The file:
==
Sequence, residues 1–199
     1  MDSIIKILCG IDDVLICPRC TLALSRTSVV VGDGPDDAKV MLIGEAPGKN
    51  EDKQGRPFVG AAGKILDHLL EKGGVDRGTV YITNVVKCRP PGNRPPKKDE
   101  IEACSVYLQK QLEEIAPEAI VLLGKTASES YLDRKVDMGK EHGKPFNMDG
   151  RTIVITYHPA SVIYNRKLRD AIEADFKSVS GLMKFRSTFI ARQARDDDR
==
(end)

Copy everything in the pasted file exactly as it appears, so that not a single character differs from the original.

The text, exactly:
Sequence, residues 1–199
     1  MDSIIKILCG IDDVLICPRC TLALSRTSVV VGDGPDDAKV MLIGEAPGKN
    51  EDKQGRPFVG AAGKILDHLL EKGGVDRGTV YITNVVKCRP PGNRPPKKDE
   101  IEACSVYLQK QLEEIAPEAI VLLGKTASES YLDRKVDMGK EHGKPFNMDG
   151  RTIVITYHPA SVIYNRKLRD AIEADFKSVS GLMKFRSTFI ARQARDDDR